A clinical study12 comparing the effects of different antidepressant treatments on driving performance in depressed patients showed an advantage for patients receiving serotonin reuptake inhibitors or mirtazapine compared with tricyclic antidepressants or venlafaxine. Another study13 showed that depressed patients treated with reboxetine (nonsedating antidepressant) or mirtazapine performed better on tasks related to driving than untreated depressive patients. Two epidemiologic studies conducted in the elderly have shown an association between use of tricyclic antidepressants and the risk of traffic crashes (relative risk = 2.2 [95% CI, 1.3-3.5]14 and odds ratio [OR] = 2.3 [95% CI, 1.1-4.8]15). In contrast, Barbone et al16 found no association for tricyclic antidepressants or serotonin reuptake inhibitors in a 3-year study of 19,386 English drivers 18 years or older who were involved in a crash. That study, however, had a case-crossover design that is likely to underestimate the risk in people taking long-term therapies. The most recent study,17 conducted from 2004 to 2006, showed an increased risk for drivers following prescription of sedating or nonsedating antidepressants (standardized incidence ratio [SIR] = 1.4 [95% CI, 1.2-1.6] and SIR = 1.6 [95% CI, 1.5-1.7], respectively), the risk being highest among younger drivers taking sedating antidepressants. The authors of this study discussed their inability to control for the use of alcohol or other medicines such as benzodiazepines, as well as for depression, all of these being factors known to increase the risk of traffic crash.

The results of the few available epidemiologic studies have therefore been inconclusive. For some antidepressants, initiation of treatment seems to be critical for driving performance.4,6,18 Bramness et al17 reported similar risk estimates among incident users and prevalent users of nonsedating antidepressants. The aim of our study was to estimate the risk of road traffic crashes associated with prescription of antidepressants.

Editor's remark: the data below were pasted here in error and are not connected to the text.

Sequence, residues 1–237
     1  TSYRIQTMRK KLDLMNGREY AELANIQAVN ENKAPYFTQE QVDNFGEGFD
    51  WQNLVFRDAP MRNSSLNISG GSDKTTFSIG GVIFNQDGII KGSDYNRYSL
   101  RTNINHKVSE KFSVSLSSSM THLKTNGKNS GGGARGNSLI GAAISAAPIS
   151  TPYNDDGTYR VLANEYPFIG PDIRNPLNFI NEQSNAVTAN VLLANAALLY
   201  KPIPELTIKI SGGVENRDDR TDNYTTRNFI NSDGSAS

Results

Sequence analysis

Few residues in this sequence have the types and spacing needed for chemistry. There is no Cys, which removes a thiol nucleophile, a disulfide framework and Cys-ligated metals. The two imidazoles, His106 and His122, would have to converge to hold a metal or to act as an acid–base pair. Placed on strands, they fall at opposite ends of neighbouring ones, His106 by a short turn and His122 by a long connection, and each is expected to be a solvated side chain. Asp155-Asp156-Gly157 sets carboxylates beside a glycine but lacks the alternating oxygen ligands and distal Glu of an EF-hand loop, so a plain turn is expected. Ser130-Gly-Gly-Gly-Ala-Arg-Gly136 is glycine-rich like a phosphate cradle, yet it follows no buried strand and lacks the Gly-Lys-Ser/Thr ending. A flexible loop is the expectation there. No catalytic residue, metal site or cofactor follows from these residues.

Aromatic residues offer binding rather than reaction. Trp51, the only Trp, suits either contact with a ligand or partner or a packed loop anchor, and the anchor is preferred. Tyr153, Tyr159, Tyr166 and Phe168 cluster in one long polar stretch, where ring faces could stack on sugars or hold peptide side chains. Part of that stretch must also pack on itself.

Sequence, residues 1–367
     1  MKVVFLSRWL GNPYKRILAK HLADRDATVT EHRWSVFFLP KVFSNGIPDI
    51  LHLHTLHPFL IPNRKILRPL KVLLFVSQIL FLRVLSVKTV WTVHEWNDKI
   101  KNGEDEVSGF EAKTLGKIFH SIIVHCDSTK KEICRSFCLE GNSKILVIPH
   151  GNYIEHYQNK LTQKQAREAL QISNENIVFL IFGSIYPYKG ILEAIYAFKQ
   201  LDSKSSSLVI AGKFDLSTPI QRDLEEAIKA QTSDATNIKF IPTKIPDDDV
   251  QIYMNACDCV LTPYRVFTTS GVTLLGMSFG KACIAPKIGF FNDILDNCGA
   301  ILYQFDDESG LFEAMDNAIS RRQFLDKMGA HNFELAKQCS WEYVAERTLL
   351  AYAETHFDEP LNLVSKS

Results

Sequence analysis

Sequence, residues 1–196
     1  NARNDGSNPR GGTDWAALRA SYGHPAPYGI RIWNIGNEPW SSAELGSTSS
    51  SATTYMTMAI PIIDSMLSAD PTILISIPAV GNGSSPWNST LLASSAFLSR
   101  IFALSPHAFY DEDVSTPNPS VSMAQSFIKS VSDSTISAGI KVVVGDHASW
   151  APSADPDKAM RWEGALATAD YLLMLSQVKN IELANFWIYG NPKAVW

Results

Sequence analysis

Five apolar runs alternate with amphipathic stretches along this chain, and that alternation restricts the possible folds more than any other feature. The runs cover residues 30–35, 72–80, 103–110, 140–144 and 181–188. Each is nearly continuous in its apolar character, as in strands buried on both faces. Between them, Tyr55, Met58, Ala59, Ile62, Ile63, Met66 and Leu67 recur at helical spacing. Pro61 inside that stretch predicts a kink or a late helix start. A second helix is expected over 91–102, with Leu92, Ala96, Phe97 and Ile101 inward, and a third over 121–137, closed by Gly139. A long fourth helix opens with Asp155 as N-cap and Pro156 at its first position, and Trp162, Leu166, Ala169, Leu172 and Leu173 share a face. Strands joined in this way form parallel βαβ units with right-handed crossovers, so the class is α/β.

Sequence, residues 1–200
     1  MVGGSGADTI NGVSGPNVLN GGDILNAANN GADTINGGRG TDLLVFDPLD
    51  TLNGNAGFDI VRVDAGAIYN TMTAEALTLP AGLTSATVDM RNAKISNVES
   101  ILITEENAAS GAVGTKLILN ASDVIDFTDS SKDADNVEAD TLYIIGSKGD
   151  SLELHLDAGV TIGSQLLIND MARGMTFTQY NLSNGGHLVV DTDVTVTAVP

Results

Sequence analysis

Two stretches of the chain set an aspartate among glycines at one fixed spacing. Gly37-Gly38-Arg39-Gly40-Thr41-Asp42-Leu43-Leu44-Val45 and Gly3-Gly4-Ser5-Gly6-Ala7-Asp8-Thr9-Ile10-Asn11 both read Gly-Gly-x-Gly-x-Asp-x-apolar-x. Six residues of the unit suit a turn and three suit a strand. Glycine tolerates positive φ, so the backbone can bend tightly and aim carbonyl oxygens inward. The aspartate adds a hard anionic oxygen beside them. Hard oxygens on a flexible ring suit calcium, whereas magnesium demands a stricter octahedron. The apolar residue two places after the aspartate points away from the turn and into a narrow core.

for clinical use

For Clinical Use

  • Periods of initiation and change of antidepressant treatment are critical periods with regard to the risk of road traffic crash.
  • Prescribers should warn their patients about this risk.


This study was approved by the French Data Protection Authority.

The study consisted of extracting data from 3 French nationwide databases, as described previously.19 A case-control analysis comparing responsible versus nonresponsible drivers was conducted. Case-crossover analysis was performed to investigate the acute effect of antidepressant exposure.

Data Sources

Police reports. French police forces are required to fill out a police report for each injurious crash occurring in the country (about 70,000 reports each year). Police reports are scanned and stored as image files. For some of the drivers involved in these injurious road traffic crashes, the national health care ID number (NID) is recorded in the police report. These NIDs were extracted from police report image files for later matching against dispensing records in the national health care insurance database. All 210,818 police reports available over the study period (from July 2005 to May 2008) were compiled.